A common misconception about freezer doors at cold storage facilities is the need to compromise when it comes to refrigerated air temperature control, maximum productivity and low energy costs. The fact is, however, that significant strides in door technology over the years allow cold-storage facilities to have it all.
Rising energy costs-a pressing issue: The bottom line with refrigerated space is to keep cold inside the freezer and heat and humidity out. If not done effectively, energy costs can skyrocket. The old-school approach to achieve this goal is to install doors with high R-value. However, that doesn't always work best when considering the significant energy costs associated with air infiltration through open doors and poor door seals.
The age-old assumption is that a higher R-value equates to less energy costs due to reduced conduction (lost energy through the door panel itself). Although true, there is a point when increasing R-value provides rapidly diminishing returns, and the energy costs associated with conduction are often dwarfed by other factors. For high traffic door openings, energy losses due to infiltration can represent a significantly larger cost component than energy losses due to conduction.
Although R-value is not often a major factor in direct door energy costs, a minimum panel R-value is required to keep the warm-side door surface temperature above the freezing point so that frost and ice won't form on the panel. If the R-value is too low, a panel defrost system with heaters and blowers will be required, and the cost to operate such a system will likely be significant.
The reality is that doors are required to accomplish a lot and the stakes are high. The integrity of the food product is paramount-and proper temperature control is essential. Finding the right door that can help preserve food product integrity without high energy costs can present a conundrum given the challenges and tradeoffs associated with traditional door designs and the operating environments involved.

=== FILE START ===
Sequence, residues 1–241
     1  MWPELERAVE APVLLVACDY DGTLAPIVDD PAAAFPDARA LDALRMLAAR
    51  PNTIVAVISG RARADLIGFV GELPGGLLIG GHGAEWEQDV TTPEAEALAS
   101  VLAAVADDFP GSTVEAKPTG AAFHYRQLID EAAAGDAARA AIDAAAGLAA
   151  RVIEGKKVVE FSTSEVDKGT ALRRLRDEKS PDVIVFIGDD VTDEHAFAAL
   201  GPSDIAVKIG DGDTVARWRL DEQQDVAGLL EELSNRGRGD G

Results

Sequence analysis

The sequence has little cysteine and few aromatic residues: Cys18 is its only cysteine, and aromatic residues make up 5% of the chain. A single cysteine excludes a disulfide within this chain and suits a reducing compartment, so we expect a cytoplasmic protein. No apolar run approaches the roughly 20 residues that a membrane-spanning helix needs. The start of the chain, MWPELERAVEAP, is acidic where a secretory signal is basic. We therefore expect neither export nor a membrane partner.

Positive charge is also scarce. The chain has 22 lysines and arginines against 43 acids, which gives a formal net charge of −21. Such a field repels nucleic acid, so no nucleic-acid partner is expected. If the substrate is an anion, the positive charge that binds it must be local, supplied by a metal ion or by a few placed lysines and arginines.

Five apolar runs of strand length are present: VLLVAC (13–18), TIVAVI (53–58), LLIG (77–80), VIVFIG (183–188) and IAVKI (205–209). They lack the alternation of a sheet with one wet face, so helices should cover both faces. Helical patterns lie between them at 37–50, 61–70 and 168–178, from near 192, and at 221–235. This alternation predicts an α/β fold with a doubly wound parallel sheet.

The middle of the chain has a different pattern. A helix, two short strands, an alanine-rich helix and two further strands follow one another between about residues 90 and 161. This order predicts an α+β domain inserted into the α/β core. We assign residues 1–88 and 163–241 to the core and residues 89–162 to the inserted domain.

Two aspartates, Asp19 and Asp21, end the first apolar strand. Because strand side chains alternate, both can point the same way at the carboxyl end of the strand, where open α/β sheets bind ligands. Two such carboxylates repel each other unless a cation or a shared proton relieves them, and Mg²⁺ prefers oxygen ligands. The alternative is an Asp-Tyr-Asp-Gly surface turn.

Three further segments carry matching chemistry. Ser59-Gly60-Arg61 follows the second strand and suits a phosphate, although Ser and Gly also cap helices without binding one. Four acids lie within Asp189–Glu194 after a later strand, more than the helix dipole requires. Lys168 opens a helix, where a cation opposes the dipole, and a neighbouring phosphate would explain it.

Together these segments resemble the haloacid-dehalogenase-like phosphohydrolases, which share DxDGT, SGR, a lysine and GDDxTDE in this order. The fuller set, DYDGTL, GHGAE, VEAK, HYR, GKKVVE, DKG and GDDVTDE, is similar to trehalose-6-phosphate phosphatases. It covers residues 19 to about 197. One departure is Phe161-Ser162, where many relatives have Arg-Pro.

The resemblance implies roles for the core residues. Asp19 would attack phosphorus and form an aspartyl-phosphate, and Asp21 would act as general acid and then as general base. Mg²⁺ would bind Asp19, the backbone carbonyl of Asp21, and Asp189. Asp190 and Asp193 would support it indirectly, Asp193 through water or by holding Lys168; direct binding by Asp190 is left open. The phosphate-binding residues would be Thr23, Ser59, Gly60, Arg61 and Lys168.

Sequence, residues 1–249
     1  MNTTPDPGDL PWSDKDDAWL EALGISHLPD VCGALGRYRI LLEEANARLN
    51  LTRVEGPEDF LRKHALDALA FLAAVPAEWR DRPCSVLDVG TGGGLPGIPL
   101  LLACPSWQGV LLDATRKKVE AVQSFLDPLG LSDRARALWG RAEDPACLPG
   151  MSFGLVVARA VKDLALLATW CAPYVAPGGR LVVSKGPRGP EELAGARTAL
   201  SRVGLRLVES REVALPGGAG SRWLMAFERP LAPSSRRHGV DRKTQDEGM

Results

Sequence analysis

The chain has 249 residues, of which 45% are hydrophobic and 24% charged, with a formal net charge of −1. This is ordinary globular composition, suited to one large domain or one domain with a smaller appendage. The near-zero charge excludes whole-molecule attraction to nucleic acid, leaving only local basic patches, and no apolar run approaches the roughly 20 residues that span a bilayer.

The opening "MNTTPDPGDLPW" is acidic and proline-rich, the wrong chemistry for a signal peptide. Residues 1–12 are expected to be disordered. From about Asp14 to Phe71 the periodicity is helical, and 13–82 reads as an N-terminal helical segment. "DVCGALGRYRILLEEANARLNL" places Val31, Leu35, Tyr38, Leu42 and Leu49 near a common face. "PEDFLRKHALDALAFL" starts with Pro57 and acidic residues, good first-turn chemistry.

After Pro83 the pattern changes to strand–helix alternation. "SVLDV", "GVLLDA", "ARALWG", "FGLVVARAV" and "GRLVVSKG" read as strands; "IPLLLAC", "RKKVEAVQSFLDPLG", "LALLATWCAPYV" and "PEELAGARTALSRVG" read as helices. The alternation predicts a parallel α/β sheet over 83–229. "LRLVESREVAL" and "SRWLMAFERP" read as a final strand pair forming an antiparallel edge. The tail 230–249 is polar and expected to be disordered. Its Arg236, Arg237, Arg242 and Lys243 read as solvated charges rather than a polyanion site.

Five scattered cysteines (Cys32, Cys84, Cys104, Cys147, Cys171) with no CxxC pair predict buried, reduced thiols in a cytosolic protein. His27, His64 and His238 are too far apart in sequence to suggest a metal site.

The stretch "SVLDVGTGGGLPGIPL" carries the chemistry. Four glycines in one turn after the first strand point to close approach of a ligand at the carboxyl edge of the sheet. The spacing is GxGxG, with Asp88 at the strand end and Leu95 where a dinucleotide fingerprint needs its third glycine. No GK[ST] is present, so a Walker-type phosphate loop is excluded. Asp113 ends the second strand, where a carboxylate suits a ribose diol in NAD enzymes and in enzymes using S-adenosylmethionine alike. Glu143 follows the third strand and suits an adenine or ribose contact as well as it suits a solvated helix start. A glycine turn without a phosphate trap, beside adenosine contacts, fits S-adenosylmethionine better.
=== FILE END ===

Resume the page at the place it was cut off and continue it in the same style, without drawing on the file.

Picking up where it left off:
Traditional door options, methods: The traditional approach to this situation involves heavy, insulated, rigid doors with high R-value. These side-acting doors can be an acceptable solution for low traffic openings, yet they have limitations. Standard hard-core doors are typically slow-moving, which is results in longer door cycle times and higher rates of air infiltration.
As a result, a slow-operating door makes temperature control inside the freezer difficult and hampers productivity. Also, standard hard-core doors are easily damaged when struck by forklifts. A damaged door can result in significant energy losses due to poor sealing, unless the door is quickly repaired.
As an alternative to hard-core doors, high-speed roll-up doors and folding doors are often chosen. These doors move quickly and work to minimize air infiltration via a short open/close cycle time, however they can have poor sealing characteristics. Also, they typically have a very low R-value which is inadequate to prevent frost from forming on the door panel surface itself. To address this concern, it's not uncommon for defrost systems to be added to these doors at an operating cost of $7,000 to $10,000 or more per year.
Other methods and technologies to do the job include strip curtains and air systems, but these designs have their own challenges. Strip curtains, which are thought of as an inexpensive solution, consist of clear plastic strips suspended in the opening. Although the low upfront cost is appealing, they are poor sealing and the energy cost associated with infiltration makes it an expensive choice in almost any freezer application.
Also, their R-value is very low and frost buildup is common. Safety becomes a key issue as scratches in the plastic and frost buildup on the strips often obscure a forklift driver's vision, and the poor seal allows for frost and ice to build up on the floor.